# Partial Derivatives of Power Functions

## Main Question or Discussion Point

For a function such as

w=5xy/z

How would you find the partial derivative of w with respect to y or z? I've tried using basic logarithmic differentiation, but can't arrive at the correct answer. For reference, the correct answer is

wy=5*(xy/z/z)*ln(x)

Do you know how to differentiate things like

$$y=a^x$$

(with a constant) or

$$y=e^x$$

to x?? This problem is exactly the same as the one you've given

To differentiate y=ax I would use logarithmic differentiation.

1) Take the ln of both sides: ln(y)=ln(ax)

2) Using properties of logs, this equals: ln(y)=x*ln(a)

3) Differentiating each side: y'/y=ln(a)

4) Solving for y': y'=y*ln(a)

5) Substituting for y: y'=ax*ln(a)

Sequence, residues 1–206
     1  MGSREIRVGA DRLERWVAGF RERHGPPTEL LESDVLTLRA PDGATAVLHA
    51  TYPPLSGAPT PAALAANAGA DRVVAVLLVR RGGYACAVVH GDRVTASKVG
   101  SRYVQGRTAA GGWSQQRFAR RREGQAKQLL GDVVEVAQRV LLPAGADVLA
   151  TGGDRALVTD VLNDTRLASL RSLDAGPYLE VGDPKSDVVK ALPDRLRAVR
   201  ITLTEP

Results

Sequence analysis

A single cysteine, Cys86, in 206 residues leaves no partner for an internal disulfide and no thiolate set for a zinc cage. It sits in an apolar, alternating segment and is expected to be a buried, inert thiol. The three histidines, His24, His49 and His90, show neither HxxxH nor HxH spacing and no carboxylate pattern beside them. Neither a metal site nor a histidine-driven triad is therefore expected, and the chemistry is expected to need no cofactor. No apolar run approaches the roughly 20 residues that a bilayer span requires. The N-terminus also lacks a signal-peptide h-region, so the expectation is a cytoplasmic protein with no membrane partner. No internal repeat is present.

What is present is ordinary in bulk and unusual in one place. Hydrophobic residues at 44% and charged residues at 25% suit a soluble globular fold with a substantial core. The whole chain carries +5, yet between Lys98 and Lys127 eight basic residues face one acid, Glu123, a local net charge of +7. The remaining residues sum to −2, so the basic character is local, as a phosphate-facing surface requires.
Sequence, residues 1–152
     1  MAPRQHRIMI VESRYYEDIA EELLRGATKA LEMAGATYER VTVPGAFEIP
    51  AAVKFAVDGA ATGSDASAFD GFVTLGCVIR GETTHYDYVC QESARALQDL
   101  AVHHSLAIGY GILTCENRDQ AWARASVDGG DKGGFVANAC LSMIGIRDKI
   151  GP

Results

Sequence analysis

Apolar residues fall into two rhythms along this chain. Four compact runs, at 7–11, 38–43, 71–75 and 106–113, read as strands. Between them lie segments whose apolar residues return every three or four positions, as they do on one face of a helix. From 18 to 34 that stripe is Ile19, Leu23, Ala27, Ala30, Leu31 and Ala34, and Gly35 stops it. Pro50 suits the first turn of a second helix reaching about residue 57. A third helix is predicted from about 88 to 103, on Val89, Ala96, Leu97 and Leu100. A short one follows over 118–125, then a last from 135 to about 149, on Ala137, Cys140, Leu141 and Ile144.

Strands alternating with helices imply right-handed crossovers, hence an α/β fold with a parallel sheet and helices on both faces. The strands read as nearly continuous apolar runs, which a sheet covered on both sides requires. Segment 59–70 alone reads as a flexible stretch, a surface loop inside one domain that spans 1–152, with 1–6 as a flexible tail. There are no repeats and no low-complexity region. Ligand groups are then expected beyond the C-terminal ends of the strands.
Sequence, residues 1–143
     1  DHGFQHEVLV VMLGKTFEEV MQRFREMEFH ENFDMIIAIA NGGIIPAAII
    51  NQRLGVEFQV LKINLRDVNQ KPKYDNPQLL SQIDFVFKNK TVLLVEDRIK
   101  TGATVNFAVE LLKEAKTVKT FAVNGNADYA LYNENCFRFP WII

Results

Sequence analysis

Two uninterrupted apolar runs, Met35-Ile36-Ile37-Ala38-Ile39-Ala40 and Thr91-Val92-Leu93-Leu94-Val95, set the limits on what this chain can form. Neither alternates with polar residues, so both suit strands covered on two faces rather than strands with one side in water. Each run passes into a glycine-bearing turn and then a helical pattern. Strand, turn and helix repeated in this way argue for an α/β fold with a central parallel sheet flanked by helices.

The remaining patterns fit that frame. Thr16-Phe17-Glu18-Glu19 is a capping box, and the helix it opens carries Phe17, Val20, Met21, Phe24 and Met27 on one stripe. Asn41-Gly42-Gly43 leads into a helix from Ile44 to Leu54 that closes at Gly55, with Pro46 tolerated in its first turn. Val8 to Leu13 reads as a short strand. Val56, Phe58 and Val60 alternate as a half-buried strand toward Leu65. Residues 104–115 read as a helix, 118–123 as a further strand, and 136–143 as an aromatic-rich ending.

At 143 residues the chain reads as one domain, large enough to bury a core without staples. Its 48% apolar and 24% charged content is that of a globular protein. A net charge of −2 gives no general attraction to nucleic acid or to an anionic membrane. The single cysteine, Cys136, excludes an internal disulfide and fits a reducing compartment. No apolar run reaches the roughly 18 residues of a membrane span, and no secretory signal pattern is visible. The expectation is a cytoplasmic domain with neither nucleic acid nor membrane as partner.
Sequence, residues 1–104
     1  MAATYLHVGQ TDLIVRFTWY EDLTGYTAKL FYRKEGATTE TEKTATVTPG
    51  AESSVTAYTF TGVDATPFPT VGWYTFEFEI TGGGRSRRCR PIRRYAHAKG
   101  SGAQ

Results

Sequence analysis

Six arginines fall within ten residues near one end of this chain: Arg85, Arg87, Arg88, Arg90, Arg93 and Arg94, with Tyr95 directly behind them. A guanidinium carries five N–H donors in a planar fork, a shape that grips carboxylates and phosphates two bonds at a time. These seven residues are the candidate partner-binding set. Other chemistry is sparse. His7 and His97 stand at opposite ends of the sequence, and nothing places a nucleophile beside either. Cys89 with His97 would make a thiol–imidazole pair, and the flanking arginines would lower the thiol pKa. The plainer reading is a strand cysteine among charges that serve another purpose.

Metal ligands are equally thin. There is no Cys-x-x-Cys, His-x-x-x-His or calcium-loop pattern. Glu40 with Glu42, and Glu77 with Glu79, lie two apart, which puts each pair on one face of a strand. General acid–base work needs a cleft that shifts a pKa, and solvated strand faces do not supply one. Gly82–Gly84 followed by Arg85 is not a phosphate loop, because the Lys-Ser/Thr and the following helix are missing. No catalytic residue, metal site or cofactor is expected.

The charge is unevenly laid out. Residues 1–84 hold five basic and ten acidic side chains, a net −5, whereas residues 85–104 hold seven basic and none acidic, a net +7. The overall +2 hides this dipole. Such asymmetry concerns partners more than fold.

The derivative of y=ex is simply y'=ex*x', where x'=1.

Not sure how knowing these helps solve this problem though...here's my attempt:

w=5xy/z

1) Taking ln of both sides: ln(w)=ln(5xy/z)

2) Using properties of logs: ln(w)=(y/z)*ln(5x)

However, ln(5xy/z) ≠ (y/z)*ln(5x)

There are several ways you can get around this. One way is to take the logarithm of w/5 instead of w. Another is to use the fact that ln(ab) = ln(a) + ln(b). Yet a third way is to note that you already know how to differentiate h(y) = x^(y/z) and use the linearity of differentiation:in particular, the derivative of c*h(y) for any constant c is just c times the derivative of h(y).

Thanks slider.

I originally thought that ln(abx)=xln(ab), but apparently that's not true. Yet ln(ax)=xln(a). Why is this so?

Thanks slider.

I originally thought that ln(abx)=xln(ab), but apparently that's not true. Yet ln(ax)=xln(a). Why is this so?
ln((ab)x)=xln(ab), but ln(a(bx))≠xln(ab). Does that make sense?

Got it. Thanks!